IP Empowerment for All

– Howard University School of Law’s Intellectual Property Student Association


“In a system where billions of dollars are generated in part due to the athletic success of student-athletes, the restrictions on non-game related NIL deals do not prevent exploitation— they are exploitative.” –  Professor Gabe Feldman, Tulane Law School; Director, Tulane Sports Law Program; Associate Provost for NCAA Compliance


While O’Bannon’s decision and the subsequent law changes in California and Florida is great progress around name, image, and likeness (“NIL”) as it pertains to the NCAA and student athletes, it has also created some other issues.

Uniformity is one of those issues. With the absence of  federal legislation covering NIL standards for college athletes, California’s Fair Pay to Play Act has in essence created a “venue shopping” system where student athletes can choose a school to attend simply because it’s located in a state with more favorable NIL laws. In addition, large amounts of conflicting legislation can lead to mass confusion.

The other issue is that, in other states, students are dealing with the traditional harms of student athletes in the market for non-game NIL payments:

  • Student athletes—just as other students—have property rights in their name, image and likeness. Many student athletes have created tremendous value in their NILs and, absent NCAA restrictions, would receive significant compensation for them in an open market. These men and women—often from socio-economically disadvantaged families—are deprived of the economic benefit the market would pay for their property.
  • Some student athletes will actually have the most value to their NIL while they are in school. For example, some athletes are injured prior to professional drafts. Therefore, the NCAA’s policy prevents those athletes from properly capitalizing off of their image when it is most beneficial for them to do so.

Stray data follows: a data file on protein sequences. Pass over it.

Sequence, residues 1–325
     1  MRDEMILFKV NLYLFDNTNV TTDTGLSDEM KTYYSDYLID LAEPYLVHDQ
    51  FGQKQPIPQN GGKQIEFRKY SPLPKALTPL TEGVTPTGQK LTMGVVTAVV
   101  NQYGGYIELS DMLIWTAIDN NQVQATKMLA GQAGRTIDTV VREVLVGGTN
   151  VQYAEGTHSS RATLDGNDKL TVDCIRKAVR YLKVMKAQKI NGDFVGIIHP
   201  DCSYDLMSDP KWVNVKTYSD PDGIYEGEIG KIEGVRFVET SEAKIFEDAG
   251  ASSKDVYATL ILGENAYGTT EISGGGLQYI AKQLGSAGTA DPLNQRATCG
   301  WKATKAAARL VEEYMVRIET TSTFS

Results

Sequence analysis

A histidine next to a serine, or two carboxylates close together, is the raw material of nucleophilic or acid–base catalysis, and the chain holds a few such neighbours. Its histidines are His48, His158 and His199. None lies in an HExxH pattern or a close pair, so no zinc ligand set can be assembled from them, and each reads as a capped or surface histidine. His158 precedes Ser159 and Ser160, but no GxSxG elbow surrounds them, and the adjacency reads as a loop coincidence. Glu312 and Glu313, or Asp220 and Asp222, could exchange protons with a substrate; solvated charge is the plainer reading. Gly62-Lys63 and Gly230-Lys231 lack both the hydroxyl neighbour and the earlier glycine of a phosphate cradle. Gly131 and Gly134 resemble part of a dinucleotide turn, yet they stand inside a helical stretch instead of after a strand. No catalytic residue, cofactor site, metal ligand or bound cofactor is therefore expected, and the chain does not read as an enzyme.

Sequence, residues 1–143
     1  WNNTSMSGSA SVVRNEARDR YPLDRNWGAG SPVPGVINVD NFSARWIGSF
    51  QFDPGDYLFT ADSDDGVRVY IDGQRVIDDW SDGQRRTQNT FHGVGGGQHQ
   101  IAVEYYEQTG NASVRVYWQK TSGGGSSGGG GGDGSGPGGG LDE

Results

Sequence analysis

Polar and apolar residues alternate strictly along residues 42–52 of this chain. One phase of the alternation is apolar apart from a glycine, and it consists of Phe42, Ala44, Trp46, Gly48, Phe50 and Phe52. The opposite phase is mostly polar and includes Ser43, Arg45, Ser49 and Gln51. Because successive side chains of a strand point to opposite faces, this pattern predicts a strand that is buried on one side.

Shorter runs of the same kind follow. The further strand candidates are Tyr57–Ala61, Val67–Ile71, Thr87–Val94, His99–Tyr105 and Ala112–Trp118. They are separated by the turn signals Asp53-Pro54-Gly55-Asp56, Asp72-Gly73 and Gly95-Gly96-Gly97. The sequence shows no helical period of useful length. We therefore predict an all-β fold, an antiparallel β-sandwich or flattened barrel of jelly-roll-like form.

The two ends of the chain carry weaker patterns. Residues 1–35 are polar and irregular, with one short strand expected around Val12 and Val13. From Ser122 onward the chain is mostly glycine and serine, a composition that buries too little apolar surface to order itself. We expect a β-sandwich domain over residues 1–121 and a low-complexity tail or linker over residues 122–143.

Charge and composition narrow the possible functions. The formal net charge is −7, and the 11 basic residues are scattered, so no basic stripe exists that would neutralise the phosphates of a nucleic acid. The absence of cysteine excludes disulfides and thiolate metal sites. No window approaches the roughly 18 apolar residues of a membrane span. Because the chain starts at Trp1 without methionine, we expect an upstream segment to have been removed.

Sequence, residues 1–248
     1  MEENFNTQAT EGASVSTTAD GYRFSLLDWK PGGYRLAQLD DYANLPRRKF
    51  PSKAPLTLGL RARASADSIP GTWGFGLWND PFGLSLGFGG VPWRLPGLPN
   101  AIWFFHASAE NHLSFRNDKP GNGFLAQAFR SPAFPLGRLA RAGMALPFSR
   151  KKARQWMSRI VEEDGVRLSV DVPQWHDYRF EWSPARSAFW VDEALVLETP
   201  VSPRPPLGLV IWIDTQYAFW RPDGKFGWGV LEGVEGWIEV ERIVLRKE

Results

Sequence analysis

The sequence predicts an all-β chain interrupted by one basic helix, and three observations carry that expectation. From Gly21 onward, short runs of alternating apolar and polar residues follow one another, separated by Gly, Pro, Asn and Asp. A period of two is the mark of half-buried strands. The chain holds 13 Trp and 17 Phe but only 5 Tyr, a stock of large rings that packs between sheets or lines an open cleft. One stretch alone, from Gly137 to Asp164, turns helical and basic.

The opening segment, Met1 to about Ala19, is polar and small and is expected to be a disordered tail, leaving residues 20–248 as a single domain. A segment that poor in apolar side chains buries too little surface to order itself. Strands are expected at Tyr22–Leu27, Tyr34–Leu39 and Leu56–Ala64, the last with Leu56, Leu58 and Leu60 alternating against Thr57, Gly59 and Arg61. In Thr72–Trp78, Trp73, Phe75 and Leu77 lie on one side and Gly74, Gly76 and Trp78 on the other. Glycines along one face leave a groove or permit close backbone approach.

• But most importantly, the stripping of an innate, legal right in consideration for the ability to play a sport (without any education about its existence) leaves the athletes less inclined to know how to properly use and commercialize their IP in the future.


One of the most common complaints against “Fair Pay to Play” is the argument that athletes do not deserve to be paid for playing a sport. This usually comes from people with little understanding of NIL or the NCAA’s policy, and rests solely on the literal meaning of the phrase.

But it’s important not to confuse third-party NIL compensation with other types of compensation. Most importantly, the NCAA is not contemplating changes that would allow colleges to pay college athletes. The Board of Governors remains fiercely opposed to “pay for play” and other forms of university-to-athlete compensation outside of the grant-in-aid (tuition, fees, room and board, required course-related books etc.). Third-party compensation for NIL is also not compensation for the underlying labor of playing a sport. No college will be allowed to pay their athletes for their NIL or their labor. The legislation would merely allow for student athletes to have the same NIL rights as every other student-creator.


Howard University School of Law’s Intellectual Property Student Association (“IPSA”) has held a long-standing devotion to the application of social justice in the area of IP. It naturally follows that we would like to support a federal bill that would give college athletes the opportunity to profit off of their image and likeness that they have worked hard to curate.

Currently IPSA and our IP Empowerment For All subcommittee is in the process of updating research on current legislative proposals regarding NIL. This research will be imputed into a one-pager that more thoroughly addresses the need for particular federal legislation in this area. Then, we can utilize the paper as a tool to persuade our peers and colleagues to sign a petition in support of the proposal. While the NCAA’s proposal to Congress is effective in addressing uniformity, the language of the proposal is still very restrictive for student athletes.

As a result, we are working diligently to ensure that the proposed bill we choose to endorse and share addresses concerns across our communities and reflects our mission of social justice.

We are confident that armed with the correct information, many people will see that this proposal is long overdue. Please continue to check this space for our selected proposal and link to our petition!